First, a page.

Pension Funds Are Struggling to Find Stable Investments (Just Like Everyone Else)
The Wall Street Journal recently reported that state and local pension funds have just received a historic windfall of cash, thanks in part to taxpayer dollars:
State and local pension funds are reaping a historic windfall thanks to billions of dollars in record market gains and surplus tax revenues. Now they need to decide what to do with the money.
But even though state and local pension funds are “newly flush with cash,” that cash has to find investments that produce a positive return on investment, especially difficult when you factor in 6.2% year-over-year inflation.
And that’s a real problem once you consider that pensions at the state and local level have had funding troubles for many years… As we previously reported:
Leave the money in stocks, and a pension fund becomes more vulnerable to the type of losses suffered in the 2008-09 financial crisis. Move the money into bonds for safekeeping, and the fund risks losing even minimal gains to inflation. Seek out alternative assets to help diversify and drive up returns, and the fund enters a crowded competition for private equity and real estate where it can take years for money to be put to work.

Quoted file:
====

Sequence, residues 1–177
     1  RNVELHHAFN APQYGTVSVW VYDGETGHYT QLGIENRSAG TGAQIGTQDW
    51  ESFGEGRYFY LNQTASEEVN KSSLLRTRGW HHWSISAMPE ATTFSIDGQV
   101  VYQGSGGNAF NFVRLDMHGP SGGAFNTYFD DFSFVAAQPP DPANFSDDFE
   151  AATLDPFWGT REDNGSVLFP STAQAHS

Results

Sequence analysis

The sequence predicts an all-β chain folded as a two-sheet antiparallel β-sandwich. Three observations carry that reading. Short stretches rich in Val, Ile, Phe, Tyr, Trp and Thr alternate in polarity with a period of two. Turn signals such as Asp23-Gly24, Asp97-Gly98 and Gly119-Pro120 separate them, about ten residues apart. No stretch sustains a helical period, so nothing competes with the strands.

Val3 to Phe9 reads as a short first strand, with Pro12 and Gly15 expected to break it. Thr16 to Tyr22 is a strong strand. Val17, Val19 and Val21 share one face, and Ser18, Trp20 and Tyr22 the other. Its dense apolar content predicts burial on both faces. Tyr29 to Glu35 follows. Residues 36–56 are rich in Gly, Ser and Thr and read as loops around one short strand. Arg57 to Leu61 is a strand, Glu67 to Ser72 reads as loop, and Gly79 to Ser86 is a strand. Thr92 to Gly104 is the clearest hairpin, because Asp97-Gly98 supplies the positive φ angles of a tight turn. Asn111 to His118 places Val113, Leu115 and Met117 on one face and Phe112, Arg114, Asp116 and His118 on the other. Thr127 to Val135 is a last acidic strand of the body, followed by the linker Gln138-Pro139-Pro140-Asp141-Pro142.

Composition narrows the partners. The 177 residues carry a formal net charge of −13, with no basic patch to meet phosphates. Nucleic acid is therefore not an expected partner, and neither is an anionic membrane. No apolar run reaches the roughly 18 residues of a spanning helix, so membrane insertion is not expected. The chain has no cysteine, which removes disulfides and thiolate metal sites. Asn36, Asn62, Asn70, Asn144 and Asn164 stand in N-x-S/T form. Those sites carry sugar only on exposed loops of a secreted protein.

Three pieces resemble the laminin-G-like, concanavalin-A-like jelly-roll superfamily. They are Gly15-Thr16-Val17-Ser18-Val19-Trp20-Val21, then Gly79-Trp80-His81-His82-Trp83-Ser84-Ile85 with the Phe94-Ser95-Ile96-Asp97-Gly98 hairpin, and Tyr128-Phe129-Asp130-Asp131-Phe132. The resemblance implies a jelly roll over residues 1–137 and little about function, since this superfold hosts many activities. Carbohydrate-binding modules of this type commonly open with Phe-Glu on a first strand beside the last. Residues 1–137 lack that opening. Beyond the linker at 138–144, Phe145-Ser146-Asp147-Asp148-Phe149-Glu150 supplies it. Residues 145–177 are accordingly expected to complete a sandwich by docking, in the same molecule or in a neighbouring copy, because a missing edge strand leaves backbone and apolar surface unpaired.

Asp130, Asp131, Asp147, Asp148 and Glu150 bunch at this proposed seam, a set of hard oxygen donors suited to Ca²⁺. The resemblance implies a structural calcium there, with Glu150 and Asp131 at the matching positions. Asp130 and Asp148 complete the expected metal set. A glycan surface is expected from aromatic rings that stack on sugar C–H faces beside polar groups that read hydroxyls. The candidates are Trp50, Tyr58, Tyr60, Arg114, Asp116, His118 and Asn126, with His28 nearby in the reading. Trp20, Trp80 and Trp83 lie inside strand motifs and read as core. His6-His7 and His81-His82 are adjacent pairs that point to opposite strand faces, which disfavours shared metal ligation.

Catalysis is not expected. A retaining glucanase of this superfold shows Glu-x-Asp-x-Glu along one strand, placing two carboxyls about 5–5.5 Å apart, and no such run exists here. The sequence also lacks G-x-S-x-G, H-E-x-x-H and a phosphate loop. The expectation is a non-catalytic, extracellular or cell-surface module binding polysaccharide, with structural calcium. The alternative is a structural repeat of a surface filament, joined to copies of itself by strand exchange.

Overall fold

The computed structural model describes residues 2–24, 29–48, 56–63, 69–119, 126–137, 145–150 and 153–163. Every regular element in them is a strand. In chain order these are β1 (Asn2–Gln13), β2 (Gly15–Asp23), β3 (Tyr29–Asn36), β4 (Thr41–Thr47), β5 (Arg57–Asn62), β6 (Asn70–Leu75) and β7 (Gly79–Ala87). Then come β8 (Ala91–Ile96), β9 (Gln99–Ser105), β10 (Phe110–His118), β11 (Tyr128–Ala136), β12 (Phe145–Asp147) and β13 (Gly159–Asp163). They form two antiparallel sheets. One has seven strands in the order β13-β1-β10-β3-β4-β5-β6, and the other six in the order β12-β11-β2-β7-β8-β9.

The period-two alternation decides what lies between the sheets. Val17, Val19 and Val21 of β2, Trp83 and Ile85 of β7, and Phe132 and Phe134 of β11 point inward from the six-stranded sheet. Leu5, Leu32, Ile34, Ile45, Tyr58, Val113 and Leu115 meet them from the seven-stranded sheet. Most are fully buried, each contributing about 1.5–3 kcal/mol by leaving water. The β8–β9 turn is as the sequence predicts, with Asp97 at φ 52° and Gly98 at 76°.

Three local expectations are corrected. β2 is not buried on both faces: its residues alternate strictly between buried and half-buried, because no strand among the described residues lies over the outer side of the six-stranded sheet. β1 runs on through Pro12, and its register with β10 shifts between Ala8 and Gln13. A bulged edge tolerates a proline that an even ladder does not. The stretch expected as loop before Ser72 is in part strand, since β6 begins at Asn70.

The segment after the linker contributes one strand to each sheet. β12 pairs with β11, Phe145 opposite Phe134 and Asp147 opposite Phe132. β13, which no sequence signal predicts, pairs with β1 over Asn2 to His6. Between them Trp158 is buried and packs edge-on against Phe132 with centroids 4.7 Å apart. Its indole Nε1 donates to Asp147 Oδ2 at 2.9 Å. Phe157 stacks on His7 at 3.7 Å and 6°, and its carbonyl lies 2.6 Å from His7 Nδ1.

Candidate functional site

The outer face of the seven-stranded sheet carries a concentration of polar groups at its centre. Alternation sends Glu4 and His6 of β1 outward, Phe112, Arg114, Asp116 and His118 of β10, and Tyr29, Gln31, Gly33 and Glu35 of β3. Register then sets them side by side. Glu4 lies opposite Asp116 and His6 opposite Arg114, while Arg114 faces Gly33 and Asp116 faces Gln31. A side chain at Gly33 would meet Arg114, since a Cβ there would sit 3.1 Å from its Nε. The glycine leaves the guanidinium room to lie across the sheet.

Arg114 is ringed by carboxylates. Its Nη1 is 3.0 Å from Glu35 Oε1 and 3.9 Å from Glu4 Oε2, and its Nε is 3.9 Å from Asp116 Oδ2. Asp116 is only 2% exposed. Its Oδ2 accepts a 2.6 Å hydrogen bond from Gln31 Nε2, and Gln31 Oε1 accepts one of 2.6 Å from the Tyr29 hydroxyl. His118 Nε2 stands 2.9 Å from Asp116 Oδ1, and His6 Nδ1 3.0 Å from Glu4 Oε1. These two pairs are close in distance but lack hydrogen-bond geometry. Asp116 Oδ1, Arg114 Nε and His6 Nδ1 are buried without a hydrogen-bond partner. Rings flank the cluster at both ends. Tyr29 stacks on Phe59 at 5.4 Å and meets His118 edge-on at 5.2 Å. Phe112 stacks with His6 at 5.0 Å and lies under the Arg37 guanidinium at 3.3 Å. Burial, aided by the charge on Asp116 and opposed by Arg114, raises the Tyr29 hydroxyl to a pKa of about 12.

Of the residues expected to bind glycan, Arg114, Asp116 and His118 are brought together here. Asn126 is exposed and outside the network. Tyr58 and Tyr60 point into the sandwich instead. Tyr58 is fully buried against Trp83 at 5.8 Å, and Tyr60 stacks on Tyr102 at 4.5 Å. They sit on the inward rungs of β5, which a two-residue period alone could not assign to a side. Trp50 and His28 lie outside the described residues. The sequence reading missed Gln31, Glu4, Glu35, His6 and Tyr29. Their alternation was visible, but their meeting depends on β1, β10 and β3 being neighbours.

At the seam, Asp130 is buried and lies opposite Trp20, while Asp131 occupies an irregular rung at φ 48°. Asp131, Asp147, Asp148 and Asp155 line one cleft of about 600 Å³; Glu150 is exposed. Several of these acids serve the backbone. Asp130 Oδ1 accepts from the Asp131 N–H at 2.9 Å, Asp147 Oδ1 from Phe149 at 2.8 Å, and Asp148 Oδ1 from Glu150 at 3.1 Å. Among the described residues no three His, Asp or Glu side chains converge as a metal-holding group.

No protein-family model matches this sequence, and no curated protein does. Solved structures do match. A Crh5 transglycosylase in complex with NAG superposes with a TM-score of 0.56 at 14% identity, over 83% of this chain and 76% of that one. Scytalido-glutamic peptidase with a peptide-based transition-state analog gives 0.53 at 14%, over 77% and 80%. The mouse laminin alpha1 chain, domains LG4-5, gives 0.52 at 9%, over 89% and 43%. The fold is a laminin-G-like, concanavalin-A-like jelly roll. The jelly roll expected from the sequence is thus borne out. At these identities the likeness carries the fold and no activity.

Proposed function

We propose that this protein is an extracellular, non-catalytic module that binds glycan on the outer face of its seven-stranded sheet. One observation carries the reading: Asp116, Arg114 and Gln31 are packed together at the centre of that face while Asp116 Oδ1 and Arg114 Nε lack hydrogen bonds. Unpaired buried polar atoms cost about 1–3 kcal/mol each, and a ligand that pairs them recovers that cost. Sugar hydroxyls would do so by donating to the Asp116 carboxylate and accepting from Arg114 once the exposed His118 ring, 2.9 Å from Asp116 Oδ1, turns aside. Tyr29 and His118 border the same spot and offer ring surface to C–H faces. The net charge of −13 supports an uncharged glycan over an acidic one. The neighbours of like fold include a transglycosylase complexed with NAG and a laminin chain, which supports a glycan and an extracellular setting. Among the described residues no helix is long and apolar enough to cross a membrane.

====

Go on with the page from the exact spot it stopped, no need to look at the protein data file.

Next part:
Analyzing risks and rewards like this can leave you with a splitting headache. Yet it’s this kind of analysis public pensions are forced to engage in. And even after all the analysis is done and investment decisions have been made, it’s a struggle for public pensions to achieve their goals.
This is because they need returns to outpace inflation at least, and they have a historically-overvalued market to consider. And of course they want returns to be stable enough to generate solid, predictable and above all positive returns.
Today, this is a nearly impossible task. And of course these pension funds aren’t the only ones facing this conundrum. Every saver in America has the same struggle. Here’s why…
Out-of-control inflation is increasingly harder to outpace
You don’t need a degree in economics to understand that return on investment must also outpace inflation to be considered a true gain. (A year ago, a 2% APY CD would’ve been a dream come true. Today, that same investment is just dead money.)
The most recent inflation report came in for October 2021, and it isn’t pretty. Inflation has risen four-and-a-half-fold since January.
We haven’t seen inflation like this since the early 90s. What’s worse, further up the production pipeline, inflation has risen to a staggering 20%. Remember, this refers to costs manufacturers are paying for their raw materials and intermediate goods, and we haven’t even seen those higher prices hit the shelves yet.
It’s quite likely that the price increases we’re seeing right now will stick around for a while.
That means, if your pension or other investments aren’t consistently generating returns of 6.2%, then you aren’t even breaking even. You’re going backwards, losing purchasing power with every passing day.